The U.K.’s recent referendum to withdraw from the European Union has affected virtually all segments of the financial industry. The structured products area is no exception. Market participants are considering what responses, if any, are appropriate in their structured products offering documents as a result of this development.
In this article, we propose a framework for considering these issues. In particular, these developments impact both the disclosures that individual issuers make about their business and financial results, as well as disclosures specific to any given product and its underlying asset(s).
As is the case for any securities offering, the (yet unknown) impact of “Brexit” could have an impact on the issuer’s financial results and creditworthiness. Adverse changes in the issuer’s financial condition would impact the likelihood of repayment and the value of the product in question. Some issuers may be more affected than others by these developments. For example, one would expect issuers headquartered in Europe to be more likely to be affected than their North American counterparts. In addition, some North American issuers may be more exposed to developments in the European markets than others, whether as a result of where they conduct their operations, their exposures to different borrower credits or industries, the nature of their trading activities, and other similar factors
A structured product issuer will typically be an issuer (and, often, a frequent issuer) of other securities. Accordingly, it will assess its Exchange Act reports and other disclosures to determine if they adequately discuss the potential impact (or uncertainties) arising from these developments. We anticipate that most issuers will update their incorporated documents, such as Forms 10-K and Forms 10-Q, with any needed changes, as opposed to making changes only to their structured product offering documents. Doing so will help ensure that these new Brexit related disclosures are incorporated by reference consistently across a wide range of offering documents.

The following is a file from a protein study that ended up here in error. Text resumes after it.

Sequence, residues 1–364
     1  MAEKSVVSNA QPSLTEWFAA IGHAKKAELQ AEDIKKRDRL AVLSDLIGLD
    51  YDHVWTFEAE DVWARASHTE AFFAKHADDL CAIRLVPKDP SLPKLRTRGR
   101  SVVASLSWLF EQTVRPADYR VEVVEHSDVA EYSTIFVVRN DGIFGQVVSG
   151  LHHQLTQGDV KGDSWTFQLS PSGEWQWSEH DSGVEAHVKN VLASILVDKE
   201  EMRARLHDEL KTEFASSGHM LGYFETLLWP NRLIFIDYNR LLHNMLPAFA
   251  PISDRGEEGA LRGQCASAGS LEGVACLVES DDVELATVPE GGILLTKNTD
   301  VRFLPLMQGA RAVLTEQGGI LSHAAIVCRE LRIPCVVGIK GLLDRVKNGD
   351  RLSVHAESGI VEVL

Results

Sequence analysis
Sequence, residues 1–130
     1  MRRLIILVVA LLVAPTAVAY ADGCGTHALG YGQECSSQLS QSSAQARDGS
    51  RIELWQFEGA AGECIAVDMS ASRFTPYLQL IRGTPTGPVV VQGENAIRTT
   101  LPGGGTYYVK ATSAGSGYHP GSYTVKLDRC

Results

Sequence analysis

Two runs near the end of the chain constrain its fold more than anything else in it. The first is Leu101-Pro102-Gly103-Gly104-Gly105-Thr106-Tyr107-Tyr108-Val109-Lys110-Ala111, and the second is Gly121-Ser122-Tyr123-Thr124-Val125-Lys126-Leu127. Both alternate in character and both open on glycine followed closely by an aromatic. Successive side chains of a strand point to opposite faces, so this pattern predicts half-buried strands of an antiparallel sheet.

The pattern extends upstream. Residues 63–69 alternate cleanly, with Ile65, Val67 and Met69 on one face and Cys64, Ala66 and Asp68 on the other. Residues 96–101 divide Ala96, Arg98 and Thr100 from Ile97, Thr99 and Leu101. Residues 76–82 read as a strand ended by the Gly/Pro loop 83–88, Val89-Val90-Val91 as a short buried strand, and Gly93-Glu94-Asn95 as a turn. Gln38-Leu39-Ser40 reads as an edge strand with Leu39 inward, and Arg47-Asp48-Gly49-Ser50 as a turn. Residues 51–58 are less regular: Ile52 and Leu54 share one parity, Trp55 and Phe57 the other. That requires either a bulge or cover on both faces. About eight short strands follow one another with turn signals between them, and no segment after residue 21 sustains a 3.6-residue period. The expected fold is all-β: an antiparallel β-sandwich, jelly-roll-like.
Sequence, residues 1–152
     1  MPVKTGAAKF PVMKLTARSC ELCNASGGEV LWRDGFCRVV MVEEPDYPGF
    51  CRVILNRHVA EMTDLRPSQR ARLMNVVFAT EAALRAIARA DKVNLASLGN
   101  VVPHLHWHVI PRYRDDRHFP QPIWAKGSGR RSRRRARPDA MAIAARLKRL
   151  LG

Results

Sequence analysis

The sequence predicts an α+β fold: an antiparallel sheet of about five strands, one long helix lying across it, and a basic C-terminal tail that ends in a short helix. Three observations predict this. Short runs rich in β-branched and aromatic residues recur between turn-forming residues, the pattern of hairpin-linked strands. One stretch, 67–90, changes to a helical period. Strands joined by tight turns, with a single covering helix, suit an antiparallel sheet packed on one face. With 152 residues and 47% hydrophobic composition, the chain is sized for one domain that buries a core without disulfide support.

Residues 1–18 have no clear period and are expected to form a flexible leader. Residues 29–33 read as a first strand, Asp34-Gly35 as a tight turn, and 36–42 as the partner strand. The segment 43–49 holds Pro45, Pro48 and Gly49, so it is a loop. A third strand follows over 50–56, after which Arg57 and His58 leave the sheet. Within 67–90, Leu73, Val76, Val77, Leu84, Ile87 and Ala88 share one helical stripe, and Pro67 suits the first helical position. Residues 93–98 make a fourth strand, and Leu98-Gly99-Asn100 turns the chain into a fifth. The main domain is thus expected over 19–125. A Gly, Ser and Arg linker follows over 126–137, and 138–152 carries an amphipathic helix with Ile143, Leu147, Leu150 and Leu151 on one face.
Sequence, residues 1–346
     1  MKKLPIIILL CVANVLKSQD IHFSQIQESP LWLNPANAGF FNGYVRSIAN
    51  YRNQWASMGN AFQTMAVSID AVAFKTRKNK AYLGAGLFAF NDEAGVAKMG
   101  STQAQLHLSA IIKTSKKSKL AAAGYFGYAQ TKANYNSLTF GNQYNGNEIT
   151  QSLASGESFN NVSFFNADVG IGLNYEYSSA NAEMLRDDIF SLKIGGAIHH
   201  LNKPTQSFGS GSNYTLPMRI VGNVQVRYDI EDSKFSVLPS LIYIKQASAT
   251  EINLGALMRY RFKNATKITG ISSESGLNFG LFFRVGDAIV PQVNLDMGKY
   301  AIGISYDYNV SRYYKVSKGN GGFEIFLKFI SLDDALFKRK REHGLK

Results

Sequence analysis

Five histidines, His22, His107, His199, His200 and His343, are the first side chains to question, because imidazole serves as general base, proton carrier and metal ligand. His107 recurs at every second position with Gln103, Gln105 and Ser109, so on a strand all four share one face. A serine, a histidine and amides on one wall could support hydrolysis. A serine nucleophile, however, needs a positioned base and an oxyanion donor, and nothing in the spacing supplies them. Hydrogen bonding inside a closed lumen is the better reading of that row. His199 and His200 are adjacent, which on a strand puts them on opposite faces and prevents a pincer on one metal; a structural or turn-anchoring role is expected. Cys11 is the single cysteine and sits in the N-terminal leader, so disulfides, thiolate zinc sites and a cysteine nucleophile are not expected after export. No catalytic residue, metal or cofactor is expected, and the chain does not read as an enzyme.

Disclosures Relating to Specific Underlying Assets
The market gyrations following the announcement of the referendum results indicate that the values of a wide variety of investment assets may be affected by Brexit. Of course, the duration of these changes is not known at present and may change in the future. As a result, future levels of the underlying assets for various structured products have become even more unpredictable.
Equity indices tracking U.K. securities and European securities may be the most likely to bear the brunt of any adverse impact from these developments. Similarly, products that are “bullish” on currencies, such as the pound sterling and/or the euro, may also be adversely impacted. (Some analysts predict upswings in commodity prices, such as gold prices; however, experience may tell us to be careful about predicting future prices of any particular commodity. And of course, any initial increases may be followed by subsequent decreases.)
Market participants will want to review their disclosures as to different underlying assets, particularly the applicable risk factors, and the extent to which they reflect the uncertainties. That being said, the SEC rules (and market practice) do not mandate specific risk factor disclosure as to each and every macroeconomic market development, particularly where those developments are widely known, including by retail investors. Much as we lawyers may feel tempted to revise risk factors for any particular news event, some self-restraint may be appropriate.
A Brief Note About Suitability
Of course, a broker-dealer’s duties don’t end with good disclosures. Financial advisers will want to consider the extent to which recent changes in the financial markets impact what products should be recommended to which investors. In particular, for risk-adverse investors who are less willing to put principal at risk, a variety of products may warrant more careful review before being recommended. Our world has become just a bit more uncertain than it was before the referendum.